NOAA is thrilled to announce that two natural resource leaders, one from Florida and the other from Washington State have earned the prestigious NOAA Fisheries 2018 Dr. Nancy Foster Habitat Conservation Award. They will be honored on December 10, in Long Beach, California, at the 9th National Summit on Coastal and Estuarine Restoration and Management.
Winner Dr. Brandt Henningsen has been an environmental scientist and a visionary for coastal habitat conservation and restoration in Florida’s Tampa Bay area for over thirty years. Serving as Chief Advisory Environmental Scientist with the Southwest Florida Water Management District, Dr. Henningsen’s work has become a national model for successful estuary programs. He helped revitalize and reshape the landscape of Tampa Bay restoring over 4,600 acres of habitat through nearly one hundred coastal ecosystem restoration projects. These projects made significant progress addressing the loss of habitat and the need for improved water quality for fish and wildlife in the Bay. He has also been a partner on shared priorities with the NOAA Restoration Center for over fifteen years. Dr. Henningsen’s nomination was enthusiastically supported by several recommendations from the federal government, state agencies, and non-governmental organizations.
Winner Terry Williams has served more than thirty years as a habitat conservation leader through numerous pivotal roles, most recently as the Director of the National Resources Department for the Tulalip Tribes in Washington State. He is a tribal advocate and builder of solutions, resolving conflicts benefiting federal, international, and non-tribal communities. Mr. Williams helped found and serve on the Northwest Indian Fisheries Commission, and he served on both the Pacific Fishery Management Council and the Pacific Salmon Commission. He was instrumental in developing the first Puget Sound Salmon Management Plan advancing innovative management approaches. Later, he helped establish the Puget Sound Partnership and the Snohomish County Sustainable Lands Strategy that have tackled critical issues for the recovery of Pacific salmon. Nationally, he has held key positions for the U.S. Environmental Protection Agency establishing the American Indian Environmental Office in the mid-1990’s. He also represented indigenous people for the Department of Interior on the U.S. delegation to the United Nations Convention on Biological Diversity.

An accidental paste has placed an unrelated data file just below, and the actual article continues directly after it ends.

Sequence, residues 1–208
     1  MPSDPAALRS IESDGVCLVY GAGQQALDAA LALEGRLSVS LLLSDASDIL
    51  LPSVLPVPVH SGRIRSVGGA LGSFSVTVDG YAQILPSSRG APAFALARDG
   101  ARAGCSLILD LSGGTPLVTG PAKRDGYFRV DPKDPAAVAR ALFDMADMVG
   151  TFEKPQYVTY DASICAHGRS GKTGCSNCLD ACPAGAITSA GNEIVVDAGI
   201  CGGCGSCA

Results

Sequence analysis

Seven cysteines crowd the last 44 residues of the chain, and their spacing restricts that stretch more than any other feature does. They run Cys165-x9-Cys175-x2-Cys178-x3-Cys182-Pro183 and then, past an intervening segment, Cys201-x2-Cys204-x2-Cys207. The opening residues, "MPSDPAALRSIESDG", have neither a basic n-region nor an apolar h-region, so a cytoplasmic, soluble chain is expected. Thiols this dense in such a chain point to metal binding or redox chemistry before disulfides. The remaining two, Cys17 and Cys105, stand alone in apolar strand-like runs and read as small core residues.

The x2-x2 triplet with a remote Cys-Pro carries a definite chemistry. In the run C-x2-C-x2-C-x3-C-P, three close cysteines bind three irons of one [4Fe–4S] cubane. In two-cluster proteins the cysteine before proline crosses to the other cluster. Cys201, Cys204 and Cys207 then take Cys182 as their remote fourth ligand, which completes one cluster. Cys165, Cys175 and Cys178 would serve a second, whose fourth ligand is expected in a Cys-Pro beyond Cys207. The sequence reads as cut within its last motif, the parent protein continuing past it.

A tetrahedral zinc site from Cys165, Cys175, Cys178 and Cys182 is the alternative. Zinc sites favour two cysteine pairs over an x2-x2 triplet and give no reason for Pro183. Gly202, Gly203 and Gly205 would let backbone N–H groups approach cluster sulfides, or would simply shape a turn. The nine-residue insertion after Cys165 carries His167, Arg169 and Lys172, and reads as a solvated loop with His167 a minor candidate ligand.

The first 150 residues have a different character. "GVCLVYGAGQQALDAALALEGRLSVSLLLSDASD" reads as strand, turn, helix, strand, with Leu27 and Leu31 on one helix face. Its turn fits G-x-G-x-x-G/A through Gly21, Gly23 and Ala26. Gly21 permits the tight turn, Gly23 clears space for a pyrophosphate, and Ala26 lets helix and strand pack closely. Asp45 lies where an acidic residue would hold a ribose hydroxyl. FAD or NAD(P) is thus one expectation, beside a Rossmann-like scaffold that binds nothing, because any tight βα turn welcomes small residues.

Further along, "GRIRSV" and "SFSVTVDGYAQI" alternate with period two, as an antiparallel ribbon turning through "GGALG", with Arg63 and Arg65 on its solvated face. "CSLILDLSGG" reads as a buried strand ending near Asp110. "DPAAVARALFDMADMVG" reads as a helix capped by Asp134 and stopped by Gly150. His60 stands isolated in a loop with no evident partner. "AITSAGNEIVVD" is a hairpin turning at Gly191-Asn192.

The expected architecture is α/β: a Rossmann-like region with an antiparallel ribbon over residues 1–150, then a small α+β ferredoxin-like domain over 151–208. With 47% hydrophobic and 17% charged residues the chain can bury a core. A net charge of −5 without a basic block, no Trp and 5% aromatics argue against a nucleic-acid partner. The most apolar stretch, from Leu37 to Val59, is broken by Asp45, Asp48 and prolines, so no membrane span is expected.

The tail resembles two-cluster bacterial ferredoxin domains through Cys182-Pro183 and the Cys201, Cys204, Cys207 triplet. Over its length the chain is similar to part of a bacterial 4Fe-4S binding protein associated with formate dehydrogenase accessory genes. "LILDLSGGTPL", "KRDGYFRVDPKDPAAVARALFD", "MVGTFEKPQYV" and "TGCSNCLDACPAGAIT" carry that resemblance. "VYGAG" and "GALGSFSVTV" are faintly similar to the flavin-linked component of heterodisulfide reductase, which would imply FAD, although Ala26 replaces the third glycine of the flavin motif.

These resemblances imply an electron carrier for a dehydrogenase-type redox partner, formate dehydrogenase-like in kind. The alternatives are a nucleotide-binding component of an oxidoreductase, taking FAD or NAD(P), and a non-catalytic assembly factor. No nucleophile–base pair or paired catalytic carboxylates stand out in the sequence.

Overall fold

Winners of the Dr. Nancy Foster Award must demonstrate exceptional achievement and dedication to habitat conservation in the coastal and marine environment. NOAA thanks the American Fisheries Society who has been a strong partner in this award for many years.
The 2018 awardees join twenty-two previous winners. Dr. Nancy Foster won the first award in 1997 for creating NOAA’s Office of Habitat Conservation, Restoration Center, and Chesapeake Bay Office. Dr. Foster served as a visionary leader during her twenty-three years at NOAA until her death in 2000. NOAA’s habitat conservation work spans some of the largest and most valuable ecosystems on Earth and supports the nation’s fisheries, protected species, and coastal communities.